Chester River Environmental Park at Gibson's Grant
The park was a result of cooperative efforts between Gibson's Grant, a 280 unit traditional neighborhood design community developed by White's Heritage LLC., CBEC and the Queen Anne's County Department of Parks and Recreation. The park protects 55 acres of native habitat and is accessible to the general public via the Cross Island Trail. The Chester River Environmental Park serves as another venue for CBEC to launch year-round education programs and wildlife monitoring hikes.
Phragmites Control: Since 2000, CBEC has engaged in controlling an invasive plant known as phragmites. Phragmites rapidly spread by rhizomes that can grow up to a half mile in length containing hundreds of new plant offshoots. Aerial spraying of Glypro, an aquatic safe herbicide with an enzyme that is specific to eradicating phragmites, has been applied to 200 acres of CBEC’s 510-acre peninsula. CBEC has regained as much as 40% of native marshlands as a result of the spray and burn methods used to control phragmites.
The primary methods for controlling Phragmites are chemical treatment (spraying a glyphosate herbicide), and physical treatment (mowing, discing, flooding, draining and burning). Usually several methods need to be employed to control phragmites, and the repeated treatments for several years produces the most effective results.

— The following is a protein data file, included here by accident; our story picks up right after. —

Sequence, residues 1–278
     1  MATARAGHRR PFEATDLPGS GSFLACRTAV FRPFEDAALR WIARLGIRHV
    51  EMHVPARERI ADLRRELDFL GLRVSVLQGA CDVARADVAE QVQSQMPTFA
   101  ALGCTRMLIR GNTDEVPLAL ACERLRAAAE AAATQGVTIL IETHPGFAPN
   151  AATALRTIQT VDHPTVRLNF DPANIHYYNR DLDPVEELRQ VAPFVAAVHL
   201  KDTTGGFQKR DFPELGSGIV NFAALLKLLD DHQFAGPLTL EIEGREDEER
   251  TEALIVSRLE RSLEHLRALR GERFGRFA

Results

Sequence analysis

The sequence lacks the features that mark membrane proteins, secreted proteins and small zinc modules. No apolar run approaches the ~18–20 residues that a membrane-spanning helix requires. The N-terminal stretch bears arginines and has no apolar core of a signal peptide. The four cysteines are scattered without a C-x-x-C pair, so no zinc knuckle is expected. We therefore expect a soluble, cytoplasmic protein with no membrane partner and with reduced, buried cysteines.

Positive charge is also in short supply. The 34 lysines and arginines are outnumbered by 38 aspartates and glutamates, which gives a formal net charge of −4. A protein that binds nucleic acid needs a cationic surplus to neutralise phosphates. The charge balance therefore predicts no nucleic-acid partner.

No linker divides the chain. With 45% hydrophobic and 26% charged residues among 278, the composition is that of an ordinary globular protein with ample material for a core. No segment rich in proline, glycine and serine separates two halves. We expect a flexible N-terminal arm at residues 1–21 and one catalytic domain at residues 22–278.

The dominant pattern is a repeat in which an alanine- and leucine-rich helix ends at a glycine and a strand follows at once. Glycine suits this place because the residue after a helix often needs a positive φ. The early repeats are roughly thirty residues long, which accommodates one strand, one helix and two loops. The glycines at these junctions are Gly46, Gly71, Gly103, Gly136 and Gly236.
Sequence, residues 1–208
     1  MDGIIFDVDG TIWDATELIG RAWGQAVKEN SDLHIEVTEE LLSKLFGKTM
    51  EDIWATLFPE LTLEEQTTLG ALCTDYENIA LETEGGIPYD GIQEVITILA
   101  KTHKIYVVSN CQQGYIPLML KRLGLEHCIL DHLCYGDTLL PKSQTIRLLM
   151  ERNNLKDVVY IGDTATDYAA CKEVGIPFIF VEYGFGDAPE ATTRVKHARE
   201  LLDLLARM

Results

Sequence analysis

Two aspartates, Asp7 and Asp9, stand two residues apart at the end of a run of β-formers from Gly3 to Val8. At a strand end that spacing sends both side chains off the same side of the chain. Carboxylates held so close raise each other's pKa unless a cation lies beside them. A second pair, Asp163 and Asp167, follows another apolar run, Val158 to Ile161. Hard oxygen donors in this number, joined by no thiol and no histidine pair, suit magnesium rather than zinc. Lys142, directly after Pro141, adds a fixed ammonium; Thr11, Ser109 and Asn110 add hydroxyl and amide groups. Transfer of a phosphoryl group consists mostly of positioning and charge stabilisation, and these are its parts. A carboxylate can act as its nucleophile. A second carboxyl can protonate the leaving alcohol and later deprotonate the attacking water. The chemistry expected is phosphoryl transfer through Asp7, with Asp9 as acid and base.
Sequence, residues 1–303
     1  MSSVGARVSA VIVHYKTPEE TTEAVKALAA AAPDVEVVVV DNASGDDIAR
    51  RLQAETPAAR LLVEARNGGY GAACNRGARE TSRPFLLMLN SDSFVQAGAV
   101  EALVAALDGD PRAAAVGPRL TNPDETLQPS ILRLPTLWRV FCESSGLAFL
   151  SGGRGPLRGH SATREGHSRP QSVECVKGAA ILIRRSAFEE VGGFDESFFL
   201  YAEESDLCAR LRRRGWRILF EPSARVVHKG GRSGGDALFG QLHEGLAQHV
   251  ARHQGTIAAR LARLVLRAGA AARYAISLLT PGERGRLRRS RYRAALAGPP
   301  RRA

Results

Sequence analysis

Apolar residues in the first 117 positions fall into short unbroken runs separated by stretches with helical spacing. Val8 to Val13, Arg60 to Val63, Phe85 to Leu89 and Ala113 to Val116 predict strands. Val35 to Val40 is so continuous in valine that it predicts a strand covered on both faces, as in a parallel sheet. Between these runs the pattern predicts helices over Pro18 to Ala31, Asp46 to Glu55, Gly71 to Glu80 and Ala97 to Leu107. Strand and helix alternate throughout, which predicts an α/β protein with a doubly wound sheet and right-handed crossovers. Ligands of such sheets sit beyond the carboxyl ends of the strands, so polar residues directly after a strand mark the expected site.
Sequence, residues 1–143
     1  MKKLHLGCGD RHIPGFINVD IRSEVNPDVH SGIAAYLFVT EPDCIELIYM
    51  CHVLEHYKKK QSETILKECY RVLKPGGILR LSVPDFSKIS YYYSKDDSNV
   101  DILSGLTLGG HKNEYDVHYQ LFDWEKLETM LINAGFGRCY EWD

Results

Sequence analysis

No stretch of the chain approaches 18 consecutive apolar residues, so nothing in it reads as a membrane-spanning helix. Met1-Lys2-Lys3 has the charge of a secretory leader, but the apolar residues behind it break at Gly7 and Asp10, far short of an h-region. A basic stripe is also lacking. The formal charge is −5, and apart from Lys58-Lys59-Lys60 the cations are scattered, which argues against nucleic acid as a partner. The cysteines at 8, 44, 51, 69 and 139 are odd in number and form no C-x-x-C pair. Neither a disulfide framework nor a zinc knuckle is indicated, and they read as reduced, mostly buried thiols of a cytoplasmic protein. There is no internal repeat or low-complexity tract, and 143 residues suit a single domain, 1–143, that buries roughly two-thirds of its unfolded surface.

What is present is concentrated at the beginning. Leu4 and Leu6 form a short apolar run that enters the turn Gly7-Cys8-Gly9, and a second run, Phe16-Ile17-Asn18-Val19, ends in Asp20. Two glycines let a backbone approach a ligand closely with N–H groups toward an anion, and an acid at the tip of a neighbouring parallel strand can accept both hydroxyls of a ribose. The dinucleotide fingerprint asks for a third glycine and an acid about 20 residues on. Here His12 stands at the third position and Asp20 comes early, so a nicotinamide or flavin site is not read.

The Maryland Department of Natural Resources (DNR) working in cooperation with Queen Anne’s County Weed Control Department provide a service to the residents in assisting with control of Phragmites. Since a permit is required to treat phragmites, a list of homeowners requesting the treatment, and collaboration with the state and county to have the work done, it is important to Contact Donald Webster, Wildlife Biologist for DNR, at 410-490-5744 and request a treatment. He is the person who will arrange for a permit for you. Please contact him prior to August 1 of the year.
Partners: US Fish & Wildlife Service (USFWS), Maryland Department of Natural Resources (DNR), Queen Anne’s County Soil & Conservation District, National Resource Conservation Service (NRCS)
Septic Upgrade Demonstration: In 2005 CBEC received the first nitrogen retro fit septic system in Queen Anne’s County. The system treats waste water by efficiently removing 99% of the nitrogen contents resulting in lowered nutrient output into the bay. High nutrient levels due to increased housing and failing septic systems in the critical zone have lead to the sharp decline of aquatic plants and animals essential in filtering the Chesapeake Bay. CBEC’s goal is to lead by example and encourage homeowners to correct outdated septic systems.
Partners: Maryland Department of Natural Resources (DNR), Oyster Recovery Partnership (ORP)